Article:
SPRINGFIELD – Conversations of equity and equality have recently been at the forefront of legislative measures, but Senator Melinda Bush (D-Grayslake) realized there was a place it was missing: environmental policies.


It led Bush to hold conversation on environmental justice in Illinois during Thursday’s Senate and Environment Conversation.

“We cannot have a strong environment unless we have equitable environmental policy,” Bush said. “Today’s hearing was a learning opportunity for all of us so we can best move forward with passing environmental legislation that supports all people and communities.”

Representatives from the Illinois Environmental Protection Agency, Little Village Environmental Justice Organization, and the Natural Resources Defense Council, among others, provided their expertise.

Mike Atty, executive director of United Congregations of Metro-East, said communities of color are disproportionally impacted by environmental structures that place toxic industries in their neighborhoods. A common misconception, he said, is that Black and Brown communities don’t care about the environment. Rather, Atty testified it’s the exact opposite and environmental issues are degrading to his community’s way of life.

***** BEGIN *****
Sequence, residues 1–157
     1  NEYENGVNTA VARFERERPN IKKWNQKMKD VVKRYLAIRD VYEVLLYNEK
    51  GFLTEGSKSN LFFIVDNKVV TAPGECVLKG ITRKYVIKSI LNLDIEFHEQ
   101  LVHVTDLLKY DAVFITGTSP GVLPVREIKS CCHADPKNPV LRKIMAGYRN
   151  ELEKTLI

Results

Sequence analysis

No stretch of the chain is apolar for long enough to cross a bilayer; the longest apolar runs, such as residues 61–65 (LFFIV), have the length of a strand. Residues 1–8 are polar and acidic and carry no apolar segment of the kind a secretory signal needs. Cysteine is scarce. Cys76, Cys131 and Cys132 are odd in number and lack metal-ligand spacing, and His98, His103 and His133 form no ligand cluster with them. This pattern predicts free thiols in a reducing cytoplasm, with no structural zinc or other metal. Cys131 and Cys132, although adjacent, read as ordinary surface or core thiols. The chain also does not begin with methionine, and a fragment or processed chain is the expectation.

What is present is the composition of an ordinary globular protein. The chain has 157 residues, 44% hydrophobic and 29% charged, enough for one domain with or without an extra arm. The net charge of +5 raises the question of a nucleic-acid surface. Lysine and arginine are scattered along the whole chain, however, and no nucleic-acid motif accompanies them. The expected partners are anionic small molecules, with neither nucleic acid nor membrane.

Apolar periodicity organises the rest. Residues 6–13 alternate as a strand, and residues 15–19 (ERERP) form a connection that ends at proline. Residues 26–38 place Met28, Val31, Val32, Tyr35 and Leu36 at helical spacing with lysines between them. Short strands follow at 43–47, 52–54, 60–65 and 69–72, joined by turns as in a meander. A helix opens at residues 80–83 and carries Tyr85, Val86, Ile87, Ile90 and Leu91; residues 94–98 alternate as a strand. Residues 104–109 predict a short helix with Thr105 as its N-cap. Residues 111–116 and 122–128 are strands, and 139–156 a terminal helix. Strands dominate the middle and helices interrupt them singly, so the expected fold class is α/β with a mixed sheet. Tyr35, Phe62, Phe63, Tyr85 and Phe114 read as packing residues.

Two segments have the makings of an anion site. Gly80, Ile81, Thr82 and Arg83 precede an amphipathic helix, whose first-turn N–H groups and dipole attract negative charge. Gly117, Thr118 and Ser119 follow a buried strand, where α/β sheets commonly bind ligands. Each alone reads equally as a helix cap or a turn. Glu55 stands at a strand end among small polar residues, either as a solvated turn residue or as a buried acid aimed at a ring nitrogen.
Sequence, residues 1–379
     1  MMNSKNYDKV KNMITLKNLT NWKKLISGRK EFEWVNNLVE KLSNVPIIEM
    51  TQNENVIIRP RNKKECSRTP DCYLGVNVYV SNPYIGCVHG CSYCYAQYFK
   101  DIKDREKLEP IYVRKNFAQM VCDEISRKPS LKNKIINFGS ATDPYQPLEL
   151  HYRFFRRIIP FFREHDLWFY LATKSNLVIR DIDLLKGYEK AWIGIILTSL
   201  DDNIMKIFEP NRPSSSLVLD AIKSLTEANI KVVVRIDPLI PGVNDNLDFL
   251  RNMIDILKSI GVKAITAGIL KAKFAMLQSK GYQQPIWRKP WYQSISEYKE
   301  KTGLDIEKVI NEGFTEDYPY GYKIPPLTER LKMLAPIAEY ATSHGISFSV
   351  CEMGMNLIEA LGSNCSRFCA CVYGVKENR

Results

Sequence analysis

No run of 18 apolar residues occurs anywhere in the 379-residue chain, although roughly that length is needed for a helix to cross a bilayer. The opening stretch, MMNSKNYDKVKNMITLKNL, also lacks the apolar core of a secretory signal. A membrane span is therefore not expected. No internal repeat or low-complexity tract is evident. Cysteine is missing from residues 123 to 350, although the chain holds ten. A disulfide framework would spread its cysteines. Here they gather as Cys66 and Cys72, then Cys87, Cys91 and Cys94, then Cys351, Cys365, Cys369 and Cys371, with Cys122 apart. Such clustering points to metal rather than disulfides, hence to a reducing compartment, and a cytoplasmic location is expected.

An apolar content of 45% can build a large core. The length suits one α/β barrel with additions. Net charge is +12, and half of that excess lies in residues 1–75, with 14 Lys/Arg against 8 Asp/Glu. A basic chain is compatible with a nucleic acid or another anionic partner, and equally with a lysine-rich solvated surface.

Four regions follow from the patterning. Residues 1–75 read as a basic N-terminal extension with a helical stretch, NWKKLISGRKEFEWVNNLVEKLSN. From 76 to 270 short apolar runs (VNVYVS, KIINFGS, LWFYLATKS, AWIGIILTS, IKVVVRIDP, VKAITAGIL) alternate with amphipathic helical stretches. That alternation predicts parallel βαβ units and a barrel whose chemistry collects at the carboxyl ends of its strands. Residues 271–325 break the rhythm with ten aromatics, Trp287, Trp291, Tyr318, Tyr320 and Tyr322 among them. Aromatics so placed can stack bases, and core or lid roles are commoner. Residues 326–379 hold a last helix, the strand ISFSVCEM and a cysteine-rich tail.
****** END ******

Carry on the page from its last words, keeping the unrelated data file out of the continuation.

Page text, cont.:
“When we think of environmental justice and environmental racism, we are committed to working with the Illinois EPA and General Assembly to bring equity and provide resources for jobs and training for communities that have been historically left out of the process,” Atty said.

Eduardo Flores from Clean Power Lake County said people who live in environmental justice communities often are faced with more health issues, including higher rates of birth defects, heart attacks, lung cancer and strokes, just to name a few. In Lake County alone, one out of every three children has asthma or asthma-like symptoms, which have been said to be linked to a lack of clean energy.

“By remaining in my home city [of Waukegan] I know I am jeopardizing my life and health,” Flores said. “Fossil fuel companies have taken advantage of the community, making a profit and leaving behind a toxic mess. Now, Waukegan residents have a life expectancy 15 years lower than someone living just seven miles away.”

Bush said she is committed to continuing conversations about environmental justice and pledges to look through its lens when considering legislation.